Hope has to be learned

I’m going to let you in on a secret that I’m only getting to grips with myself, it’s simple, but oddly revolutionary: hope is an action. We learn it.

Hope is not an emotion, as though we summon it up and have a bright day looking at the future. We can certainly feel hopeful, but that is not the hope the Bible is talking about. Let me show you what I mean:

We give thanks to God always for all of you, constantly mentioning you in our prayers, remembering before our God and Father your work of faith and labour of love and steadfastness of hope in our Lord Jesus Christ

1 Thessalonians 1.2-3

Do you notice something there? Faith is a work. Love is a labour. Hope is a steadfastness—the NIV has ‘endurance,’ the word means ‘perseverance.’

Work. Labour. Endurance. These are actions.

The three cardinal virtues are faith, hope, and love. All of them need to be done. All of them are verbs (I know that faith isn’t, let it go). Each of them is an action, which means they need to be learned.

Hope is an action, and we have to work at it. Most of us don’t know how to do it, and we desperately need to learn it.

I know so many young people struggling post-pandemic. Honestly, I don’t know a whole lot of people who aren’t struggling after two years of on-again-off-again lockdown of varying degrees—if it’s even reasonable to talk about now as ‘post-pandemic.’

This doesn’t apply to every young person I know who is struggling, but for some at least there’s a sense that this is the first really bad thing that has happened to them. Which is no bad lesson, life will fling all sorts of mud at us as we try to live it. We have to learn how to keep going, though, for which we need hope.

I’ve spent years trying to work up hope, trying to feel it deeply enough to build my life upon. This doesn’t actually work. It was only after my life fell to absolute tatters around me that I started to learn the disciplines of hope—too late in some respects—and much more recently that someone pointed out to me that hope is an action.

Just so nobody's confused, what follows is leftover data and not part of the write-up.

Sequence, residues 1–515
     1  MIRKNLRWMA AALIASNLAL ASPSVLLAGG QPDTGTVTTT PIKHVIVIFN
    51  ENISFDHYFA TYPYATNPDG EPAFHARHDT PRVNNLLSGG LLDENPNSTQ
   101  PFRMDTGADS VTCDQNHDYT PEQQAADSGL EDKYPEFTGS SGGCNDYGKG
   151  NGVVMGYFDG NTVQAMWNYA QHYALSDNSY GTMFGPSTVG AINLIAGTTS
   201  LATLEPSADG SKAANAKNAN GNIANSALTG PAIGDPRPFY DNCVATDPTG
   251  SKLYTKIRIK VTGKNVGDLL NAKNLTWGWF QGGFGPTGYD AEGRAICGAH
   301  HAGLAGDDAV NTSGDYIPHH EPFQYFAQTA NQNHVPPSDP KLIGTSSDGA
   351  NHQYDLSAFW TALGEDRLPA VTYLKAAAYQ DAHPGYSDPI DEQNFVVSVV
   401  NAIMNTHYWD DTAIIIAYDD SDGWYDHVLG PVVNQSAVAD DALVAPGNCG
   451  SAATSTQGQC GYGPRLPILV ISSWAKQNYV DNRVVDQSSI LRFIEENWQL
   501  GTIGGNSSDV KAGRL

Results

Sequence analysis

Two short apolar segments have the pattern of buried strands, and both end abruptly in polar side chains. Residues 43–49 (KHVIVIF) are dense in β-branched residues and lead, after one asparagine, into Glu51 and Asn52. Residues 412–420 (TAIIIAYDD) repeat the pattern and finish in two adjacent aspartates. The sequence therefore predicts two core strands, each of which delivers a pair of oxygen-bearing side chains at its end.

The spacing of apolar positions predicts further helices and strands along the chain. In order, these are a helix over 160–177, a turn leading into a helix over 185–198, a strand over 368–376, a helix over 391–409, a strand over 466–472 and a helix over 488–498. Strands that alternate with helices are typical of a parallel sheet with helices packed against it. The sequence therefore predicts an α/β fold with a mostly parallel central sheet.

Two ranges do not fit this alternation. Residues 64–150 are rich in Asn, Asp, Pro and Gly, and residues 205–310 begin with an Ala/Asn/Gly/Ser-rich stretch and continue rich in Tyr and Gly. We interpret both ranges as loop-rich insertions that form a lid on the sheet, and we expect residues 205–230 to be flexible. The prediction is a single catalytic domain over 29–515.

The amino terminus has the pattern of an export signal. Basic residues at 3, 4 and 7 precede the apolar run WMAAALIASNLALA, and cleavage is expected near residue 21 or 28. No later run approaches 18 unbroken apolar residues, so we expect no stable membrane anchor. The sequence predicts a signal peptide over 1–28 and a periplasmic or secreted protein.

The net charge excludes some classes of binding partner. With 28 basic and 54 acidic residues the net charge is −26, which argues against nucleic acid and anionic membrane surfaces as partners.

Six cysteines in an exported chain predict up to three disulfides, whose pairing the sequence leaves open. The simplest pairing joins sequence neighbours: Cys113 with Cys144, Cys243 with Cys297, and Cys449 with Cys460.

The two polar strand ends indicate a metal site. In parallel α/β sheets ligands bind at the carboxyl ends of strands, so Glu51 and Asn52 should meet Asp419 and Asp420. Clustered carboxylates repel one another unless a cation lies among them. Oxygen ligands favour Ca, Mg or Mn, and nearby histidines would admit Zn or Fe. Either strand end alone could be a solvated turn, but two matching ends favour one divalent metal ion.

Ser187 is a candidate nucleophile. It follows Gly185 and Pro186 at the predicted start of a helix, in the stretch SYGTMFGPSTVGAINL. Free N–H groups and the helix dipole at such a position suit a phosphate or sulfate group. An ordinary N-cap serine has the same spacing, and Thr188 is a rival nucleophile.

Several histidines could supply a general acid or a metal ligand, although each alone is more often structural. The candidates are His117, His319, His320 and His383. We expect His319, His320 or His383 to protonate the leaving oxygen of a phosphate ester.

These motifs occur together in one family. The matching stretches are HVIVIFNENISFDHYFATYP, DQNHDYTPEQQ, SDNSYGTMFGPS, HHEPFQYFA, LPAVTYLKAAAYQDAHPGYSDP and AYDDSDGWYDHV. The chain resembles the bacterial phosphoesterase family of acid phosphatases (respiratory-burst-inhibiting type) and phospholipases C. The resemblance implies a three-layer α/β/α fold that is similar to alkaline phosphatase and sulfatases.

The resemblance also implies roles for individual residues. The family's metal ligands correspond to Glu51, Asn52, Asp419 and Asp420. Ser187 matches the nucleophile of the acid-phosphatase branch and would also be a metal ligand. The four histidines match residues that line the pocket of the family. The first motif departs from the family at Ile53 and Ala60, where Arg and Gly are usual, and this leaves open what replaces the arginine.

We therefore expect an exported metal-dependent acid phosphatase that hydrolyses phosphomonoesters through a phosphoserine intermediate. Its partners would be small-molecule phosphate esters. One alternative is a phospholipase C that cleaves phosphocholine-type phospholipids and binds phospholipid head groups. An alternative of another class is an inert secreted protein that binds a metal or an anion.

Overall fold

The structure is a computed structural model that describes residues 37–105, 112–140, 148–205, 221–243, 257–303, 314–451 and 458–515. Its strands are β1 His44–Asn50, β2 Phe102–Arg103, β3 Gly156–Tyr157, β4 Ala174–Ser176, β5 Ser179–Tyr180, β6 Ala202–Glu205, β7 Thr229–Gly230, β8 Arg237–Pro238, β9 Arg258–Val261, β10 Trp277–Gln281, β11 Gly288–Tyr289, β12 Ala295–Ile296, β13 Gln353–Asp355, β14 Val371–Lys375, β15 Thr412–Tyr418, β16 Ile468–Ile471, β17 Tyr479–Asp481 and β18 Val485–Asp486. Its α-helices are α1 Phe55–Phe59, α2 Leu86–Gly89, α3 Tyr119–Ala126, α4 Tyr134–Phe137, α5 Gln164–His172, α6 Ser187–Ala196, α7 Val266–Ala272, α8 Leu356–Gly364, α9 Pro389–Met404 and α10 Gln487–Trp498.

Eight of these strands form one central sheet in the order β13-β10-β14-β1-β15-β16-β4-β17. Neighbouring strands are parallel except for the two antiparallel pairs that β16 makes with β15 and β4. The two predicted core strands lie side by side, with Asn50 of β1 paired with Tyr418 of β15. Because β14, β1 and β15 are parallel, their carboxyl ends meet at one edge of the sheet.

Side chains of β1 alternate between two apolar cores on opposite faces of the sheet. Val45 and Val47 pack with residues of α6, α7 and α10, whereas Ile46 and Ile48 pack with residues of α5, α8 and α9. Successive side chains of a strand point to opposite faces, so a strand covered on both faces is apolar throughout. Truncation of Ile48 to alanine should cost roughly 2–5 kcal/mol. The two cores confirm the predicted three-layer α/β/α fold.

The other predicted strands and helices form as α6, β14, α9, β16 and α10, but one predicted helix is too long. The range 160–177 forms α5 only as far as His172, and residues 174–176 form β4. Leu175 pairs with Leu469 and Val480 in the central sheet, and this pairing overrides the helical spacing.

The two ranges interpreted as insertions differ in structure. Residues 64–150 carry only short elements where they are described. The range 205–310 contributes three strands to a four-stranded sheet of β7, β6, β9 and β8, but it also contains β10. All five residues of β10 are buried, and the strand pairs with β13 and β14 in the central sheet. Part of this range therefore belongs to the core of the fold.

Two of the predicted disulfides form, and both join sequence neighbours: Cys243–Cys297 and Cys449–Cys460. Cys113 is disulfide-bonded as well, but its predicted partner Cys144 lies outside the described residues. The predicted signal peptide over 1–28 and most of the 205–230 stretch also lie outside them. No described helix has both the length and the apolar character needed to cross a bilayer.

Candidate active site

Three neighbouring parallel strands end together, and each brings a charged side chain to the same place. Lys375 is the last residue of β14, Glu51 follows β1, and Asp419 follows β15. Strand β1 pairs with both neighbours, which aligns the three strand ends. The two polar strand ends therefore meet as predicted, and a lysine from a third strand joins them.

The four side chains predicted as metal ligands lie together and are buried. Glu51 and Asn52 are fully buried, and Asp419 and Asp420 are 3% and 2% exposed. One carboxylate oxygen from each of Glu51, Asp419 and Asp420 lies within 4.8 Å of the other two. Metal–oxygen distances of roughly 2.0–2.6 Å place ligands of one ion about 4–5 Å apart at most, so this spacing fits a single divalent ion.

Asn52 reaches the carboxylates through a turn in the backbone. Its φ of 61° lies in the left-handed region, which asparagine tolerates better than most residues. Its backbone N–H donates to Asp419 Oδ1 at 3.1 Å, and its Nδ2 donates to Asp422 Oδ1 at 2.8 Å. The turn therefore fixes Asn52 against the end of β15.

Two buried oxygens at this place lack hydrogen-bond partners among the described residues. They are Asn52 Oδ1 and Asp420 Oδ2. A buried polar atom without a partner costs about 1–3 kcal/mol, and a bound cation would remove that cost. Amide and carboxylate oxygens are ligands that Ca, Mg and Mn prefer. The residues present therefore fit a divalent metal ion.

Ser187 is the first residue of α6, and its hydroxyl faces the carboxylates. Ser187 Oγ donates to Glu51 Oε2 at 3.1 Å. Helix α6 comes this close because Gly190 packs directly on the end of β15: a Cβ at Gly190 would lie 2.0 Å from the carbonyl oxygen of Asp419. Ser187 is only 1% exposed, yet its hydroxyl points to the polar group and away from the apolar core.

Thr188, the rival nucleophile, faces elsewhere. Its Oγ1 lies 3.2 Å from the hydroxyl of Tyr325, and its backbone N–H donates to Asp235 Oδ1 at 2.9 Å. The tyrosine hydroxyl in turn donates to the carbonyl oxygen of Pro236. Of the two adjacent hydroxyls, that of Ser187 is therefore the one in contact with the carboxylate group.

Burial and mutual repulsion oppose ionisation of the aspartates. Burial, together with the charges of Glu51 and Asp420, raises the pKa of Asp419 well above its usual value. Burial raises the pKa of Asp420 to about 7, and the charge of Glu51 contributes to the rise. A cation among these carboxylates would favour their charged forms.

And like all actions, we’re bad at it when we start. Mastery comes through practice, repetition, and habit. It’s like muscle: hope grows from use.

What is hope?

Hope is when we look forwards to a future that will be different from now. It’s a longing turned into a stance where your head will not be moved from its orientation, a decision of iron and blood to look at the resurrection. We look back to the event that turned the Universe on its head, when the Son of Adam walked out the back of death, and forward to its completion in the coming resurrection of the dead. We learn hope by refusing to look away from our future: heaven meeting earth, every tear wiped away by the rough fingers of the maker, a marriage and a feast, and death being trampled to death.

It starts there, in the seemingly distant future after death’s knell rings for the final time. To start sooner would be to swamp our perspectives with ash.

Then over time our perspective on hope may slip nearer to us in time. We may find we’re able to hope for a few years time, or a few months time, or even tomorrow. But if it didn’t start at the resurrection and move towards you, that’s not hope, it’s wishful thinking.

This is sometimes what we’re offered. I’ve heard people who are learning hope first-hand told off by well-meaning church friends because they cannot hope that God will be good to them tomorrow. That’s to hope what so called ‘cheap grace’ is to the gift of God in Christ.